One of the other elements of a successful journey is selecting the right vehicle and equipment for the adventure. This is not to say that most overland trips require some highly specialized machine and a dozen Pelican cases filled with exotic gear, but some environments do necessitate a level of capability and reliability. In the case of the Altar, the dunes are big, easily taxing the available flotation and performance of the average SUV or pickup. Even when we crossed the ergs in 2012, the Land Rovers were often stuck, and the learning curve was steep for the less- experienced drivers. However, for this trip, we used vehicles with extensive modifications, larger tires, and higher horsepower motors. The results were night and day, without a single vehicle requiring a winch or strap. This allowed for more time in camp and a more relaxed pace, although it did remove some of the fun of testing the limits of smaller tires and underpowered Rover V8s and diesels.

In contrast, the Jeeps and Chevrolets for this trip were equipped with significantly taller and wider tires, the smallest being a 35-inch Interco on the Colorado Bison. The Wranglers sported tires as large as 37 inches and benefited from higher horsepower V6s and 8-speed transmissions. The Wrangler JK Outpost enjoyed the bark of a Hemi V8. As a result, the drivers were able to attack taller dune faces with shorter runups, and even correct for a poor line choice or loss of momentum with a press of the accelerator. The suspensions were also significantly modified, complete with taller springs and custom-tuned shock absorbers.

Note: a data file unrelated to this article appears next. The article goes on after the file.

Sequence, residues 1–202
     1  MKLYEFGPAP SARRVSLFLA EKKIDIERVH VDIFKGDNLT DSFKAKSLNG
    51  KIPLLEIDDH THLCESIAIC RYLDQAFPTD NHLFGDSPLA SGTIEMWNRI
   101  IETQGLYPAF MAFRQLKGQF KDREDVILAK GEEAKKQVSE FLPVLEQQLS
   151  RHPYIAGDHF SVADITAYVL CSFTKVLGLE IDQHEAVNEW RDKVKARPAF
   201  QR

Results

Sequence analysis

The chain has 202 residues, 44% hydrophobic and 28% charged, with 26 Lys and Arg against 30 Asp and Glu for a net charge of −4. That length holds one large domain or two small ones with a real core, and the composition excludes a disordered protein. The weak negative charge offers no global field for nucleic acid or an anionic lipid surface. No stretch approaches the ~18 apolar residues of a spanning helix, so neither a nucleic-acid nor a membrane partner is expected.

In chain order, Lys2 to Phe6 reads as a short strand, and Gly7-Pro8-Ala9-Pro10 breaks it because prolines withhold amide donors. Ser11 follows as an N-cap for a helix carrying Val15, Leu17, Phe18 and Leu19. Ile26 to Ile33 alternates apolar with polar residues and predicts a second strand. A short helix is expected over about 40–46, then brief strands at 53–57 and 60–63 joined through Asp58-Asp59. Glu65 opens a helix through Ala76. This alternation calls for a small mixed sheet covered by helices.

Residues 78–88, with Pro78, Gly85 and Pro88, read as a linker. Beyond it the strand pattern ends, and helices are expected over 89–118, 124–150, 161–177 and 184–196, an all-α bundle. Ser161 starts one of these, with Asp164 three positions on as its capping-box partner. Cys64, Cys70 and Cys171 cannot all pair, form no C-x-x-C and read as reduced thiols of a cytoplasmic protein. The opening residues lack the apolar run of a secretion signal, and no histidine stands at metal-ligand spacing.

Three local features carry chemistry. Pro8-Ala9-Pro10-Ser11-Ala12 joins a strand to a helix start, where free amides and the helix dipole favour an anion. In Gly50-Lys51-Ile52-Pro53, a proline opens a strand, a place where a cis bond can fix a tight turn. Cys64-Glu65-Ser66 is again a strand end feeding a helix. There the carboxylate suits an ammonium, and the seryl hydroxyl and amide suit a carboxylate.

Each of these vehicles was particularly well suited to the challenges of the sand, and the modifications were either premium OEM offerings (like the suspension on the Bison), or thoroughly engineered aftermarket enhancements from American Expedition Vehicles (AEV). It was also impressive to travel such technical terrain with a flatbed pickup loaded with over 100 gallons of extra fuel and water, along with a massive Yeti cooler and a pile of personal effects. The perfectly flat load floor was essentially a square and allowed for quick access to everything on the platform. Tie-downs were everywhere, and the sides would fold down, making the entire process even easier. The downside to this type of configuration is reduced security, but we were so remote that it didn’t matter. Overall, the Bison was a workhorse and sipped fuel with the small-displacement turbo-diesel.

The other surprise from the trip was taking a self-contained camper along for the crossing, the Outpost II. This machine is the brainchild of Dave Harriton, CEO and head designer for AEV. Dave is a longtime friend, and he wanted to see if a “house” on wheels could make the crossing. In the end, what made the Outpost work was the attention to detail, from the use of lightweight composites and minimalist design to the fitment of a 5.7-liter Hemi and 37-inch tires to help propel the camper through the dunes. Dave slept in total comfort, sealed off from the blowing sands.